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Architectural Art, Rome, Arch of Septimius Severus, Temple of Saturn, Italian Antique Painting, 19th Century


Italian School
Arch of Septimius Severus in Rome
Rome, 1st Half, 19th Century
Watercolor and ink painting on paper
12 x 17.25 inches, image
15 x 20.25 inches, overall

Painting on paper of the Arch of Septimius Severus on the Via Sacra in the Forum Romanum in Rome. It was likely intended as a souvenir for tourists on the Grand Tour. The main arch and a smaller one in the background are painted in great detail, with the inscription on the attic of the arch and the relief friezes on either side rendered clearly. In the background, the ruins of the Temple of Saturn is also shown in great detail. Pedestrians on the road and seated on the ruins in the foreground provide a sense of scale and city life. The subject of the painting is surrounded by a painted grey border, as originally rendered.

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The arch was built by the emperor Septimius Severus in 203 AD to commemorate the Roman victories over the Parthians, when Septimius Severus took the city of Ctesiphon and created the new Roman province of Mesopotamia between the years of 197 and 199 in what is today northeastern Iran. The marble and travertine structure is richly decorated with sculpture depicting scenes of battle, triumphal processions, and winged victory figures, as well as the seasons and representations of Mars, the Roman god of war, and other deities. The lettering on the attic is a dedication to Septimius Severus and his sons Caracalla and Geta who “restored the Republic and expanded the dominion of the Roman people.”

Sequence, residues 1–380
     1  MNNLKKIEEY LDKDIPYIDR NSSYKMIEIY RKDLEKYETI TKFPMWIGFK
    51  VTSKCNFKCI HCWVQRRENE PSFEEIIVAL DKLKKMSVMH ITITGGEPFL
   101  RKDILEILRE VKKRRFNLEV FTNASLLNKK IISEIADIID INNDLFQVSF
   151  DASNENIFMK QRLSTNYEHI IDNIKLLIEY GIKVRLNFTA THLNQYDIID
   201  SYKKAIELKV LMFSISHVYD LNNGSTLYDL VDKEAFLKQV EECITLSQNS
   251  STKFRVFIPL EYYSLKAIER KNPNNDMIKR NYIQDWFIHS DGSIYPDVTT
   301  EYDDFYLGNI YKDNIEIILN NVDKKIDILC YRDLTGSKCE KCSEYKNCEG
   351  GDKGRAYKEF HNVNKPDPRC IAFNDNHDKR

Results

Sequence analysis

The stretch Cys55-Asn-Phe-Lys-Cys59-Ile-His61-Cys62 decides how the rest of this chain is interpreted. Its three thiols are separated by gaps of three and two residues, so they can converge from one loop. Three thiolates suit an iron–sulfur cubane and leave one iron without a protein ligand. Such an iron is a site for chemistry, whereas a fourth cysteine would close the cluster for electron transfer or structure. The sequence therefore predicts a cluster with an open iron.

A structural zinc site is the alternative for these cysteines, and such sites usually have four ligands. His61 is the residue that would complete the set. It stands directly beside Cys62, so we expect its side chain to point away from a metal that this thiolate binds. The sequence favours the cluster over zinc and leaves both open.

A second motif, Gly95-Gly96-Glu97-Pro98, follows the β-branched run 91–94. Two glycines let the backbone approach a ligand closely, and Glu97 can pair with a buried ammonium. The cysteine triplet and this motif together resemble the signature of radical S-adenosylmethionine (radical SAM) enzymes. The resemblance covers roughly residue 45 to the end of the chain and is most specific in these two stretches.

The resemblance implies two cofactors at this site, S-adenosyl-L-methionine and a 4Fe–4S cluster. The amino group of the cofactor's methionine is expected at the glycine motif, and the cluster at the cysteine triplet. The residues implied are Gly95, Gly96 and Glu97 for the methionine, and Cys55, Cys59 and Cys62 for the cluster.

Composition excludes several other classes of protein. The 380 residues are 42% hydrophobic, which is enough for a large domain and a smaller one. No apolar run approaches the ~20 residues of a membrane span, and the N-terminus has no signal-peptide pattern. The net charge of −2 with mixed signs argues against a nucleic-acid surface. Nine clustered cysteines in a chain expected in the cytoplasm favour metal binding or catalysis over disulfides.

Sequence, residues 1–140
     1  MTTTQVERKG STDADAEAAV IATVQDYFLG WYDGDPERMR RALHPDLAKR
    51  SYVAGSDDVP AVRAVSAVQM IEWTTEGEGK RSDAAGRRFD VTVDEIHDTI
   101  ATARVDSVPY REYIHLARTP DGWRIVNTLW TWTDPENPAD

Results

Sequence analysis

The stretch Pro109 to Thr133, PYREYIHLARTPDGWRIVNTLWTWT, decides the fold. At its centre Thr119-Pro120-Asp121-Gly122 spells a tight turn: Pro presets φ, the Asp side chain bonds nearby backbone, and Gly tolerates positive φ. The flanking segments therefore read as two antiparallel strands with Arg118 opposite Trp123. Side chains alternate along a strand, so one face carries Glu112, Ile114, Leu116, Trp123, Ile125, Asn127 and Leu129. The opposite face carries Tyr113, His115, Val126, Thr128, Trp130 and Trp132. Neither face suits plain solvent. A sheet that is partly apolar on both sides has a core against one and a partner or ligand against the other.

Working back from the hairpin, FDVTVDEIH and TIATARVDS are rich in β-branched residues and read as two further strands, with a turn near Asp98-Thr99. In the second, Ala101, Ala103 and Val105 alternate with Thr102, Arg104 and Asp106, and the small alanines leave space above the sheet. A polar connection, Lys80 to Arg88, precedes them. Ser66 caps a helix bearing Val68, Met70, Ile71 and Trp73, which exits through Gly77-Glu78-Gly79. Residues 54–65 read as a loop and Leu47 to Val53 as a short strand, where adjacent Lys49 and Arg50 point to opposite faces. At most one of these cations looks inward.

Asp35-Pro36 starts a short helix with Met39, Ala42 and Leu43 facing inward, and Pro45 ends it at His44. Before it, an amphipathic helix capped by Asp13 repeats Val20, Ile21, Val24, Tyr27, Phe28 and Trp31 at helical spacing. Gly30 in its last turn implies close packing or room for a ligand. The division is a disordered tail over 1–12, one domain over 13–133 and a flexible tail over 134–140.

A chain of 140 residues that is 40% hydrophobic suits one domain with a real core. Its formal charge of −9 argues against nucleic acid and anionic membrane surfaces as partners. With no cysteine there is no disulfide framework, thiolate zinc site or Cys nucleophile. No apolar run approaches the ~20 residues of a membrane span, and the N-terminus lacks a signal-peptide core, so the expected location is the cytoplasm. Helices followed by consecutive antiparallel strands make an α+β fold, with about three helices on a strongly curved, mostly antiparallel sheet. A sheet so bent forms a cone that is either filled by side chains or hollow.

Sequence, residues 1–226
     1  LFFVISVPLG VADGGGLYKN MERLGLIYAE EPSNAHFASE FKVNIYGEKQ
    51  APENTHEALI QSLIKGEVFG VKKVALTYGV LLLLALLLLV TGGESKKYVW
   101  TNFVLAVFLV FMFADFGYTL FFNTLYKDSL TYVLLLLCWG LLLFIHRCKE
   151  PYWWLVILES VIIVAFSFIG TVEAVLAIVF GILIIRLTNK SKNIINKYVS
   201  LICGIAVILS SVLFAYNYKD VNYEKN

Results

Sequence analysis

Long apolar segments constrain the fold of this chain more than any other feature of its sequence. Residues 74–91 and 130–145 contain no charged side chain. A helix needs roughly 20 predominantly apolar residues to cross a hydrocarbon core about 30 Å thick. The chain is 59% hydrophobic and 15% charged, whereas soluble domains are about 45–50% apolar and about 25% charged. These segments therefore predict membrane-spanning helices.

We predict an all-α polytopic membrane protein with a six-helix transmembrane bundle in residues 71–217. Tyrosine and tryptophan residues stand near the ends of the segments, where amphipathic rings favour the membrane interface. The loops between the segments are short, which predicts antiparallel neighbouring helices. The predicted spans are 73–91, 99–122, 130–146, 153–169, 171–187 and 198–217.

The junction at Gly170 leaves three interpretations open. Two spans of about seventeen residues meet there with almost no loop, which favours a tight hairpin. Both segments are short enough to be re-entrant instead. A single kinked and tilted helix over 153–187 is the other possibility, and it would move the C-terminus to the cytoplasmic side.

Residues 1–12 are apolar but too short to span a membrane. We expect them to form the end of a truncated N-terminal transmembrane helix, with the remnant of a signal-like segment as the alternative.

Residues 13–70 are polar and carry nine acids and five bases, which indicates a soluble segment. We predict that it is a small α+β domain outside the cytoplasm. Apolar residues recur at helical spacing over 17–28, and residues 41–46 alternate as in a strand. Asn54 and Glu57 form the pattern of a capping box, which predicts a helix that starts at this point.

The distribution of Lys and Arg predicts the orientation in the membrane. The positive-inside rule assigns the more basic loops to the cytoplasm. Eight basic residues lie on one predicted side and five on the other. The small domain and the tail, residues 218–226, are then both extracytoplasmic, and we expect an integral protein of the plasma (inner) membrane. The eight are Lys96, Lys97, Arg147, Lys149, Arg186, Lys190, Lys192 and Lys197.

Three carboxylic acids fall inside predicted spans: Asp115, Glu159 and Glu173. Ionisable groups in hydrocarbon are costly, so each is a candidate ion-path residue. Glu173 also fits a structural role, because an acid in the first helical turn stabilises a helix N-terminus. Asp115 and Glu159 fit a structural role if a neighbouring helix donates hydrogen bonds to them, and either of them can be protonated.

The Temple of Saturn was an ancient Roman temple to the god Saturn. Its ruins stand at the foot of the Capitoline Hill at the western end of the Roman Forum. The original dedication of the temple is traditionally dated to 497 BC, but ancient writers disagreed greatly about the history of this site. The ruins, comprising the front porch, have a partially preserved pediment inscribed: “Senatus Populusque Romanus incendio consumptum restituit,” meaning “The Senate and People of Rome restored [the temple] consumed by fire.” The pediment and eight surviving columns represent one of the iconic images of Rome’s ancient architectural heritage.

In the 18th and 19th centuries, an essential part of the education of a young “aristocratic gentleman” of England was to go on a “Grand Tour” of Europe, often Italy, to explore the great architecture, archeology, and culture of the ancient Greeks and Romans. Grand Tour members loved to participate in theatrical spectacles, and during this era, archaeological “discoveries” were sometimes staged for well-to-do visitors on the Grand Tour to give them a taste of the drama of making a find.

Inscription in pencil verso: Arch of Septimius Severus in Rome.

Condition: Generally very good with the usual overall light toning, handling, wear. Upper corners professionally reinforced verso.


Cartwright, Mark. “The Arch of Septimius Severus, Rome.” Ancient History Encyclopedia. 29 June 2013. (8 January 2018).

“Italy on the Grand Tour: Witness Ceremonies and Theater.” J. Paul Getty Trust. 2001. (14 June 2002).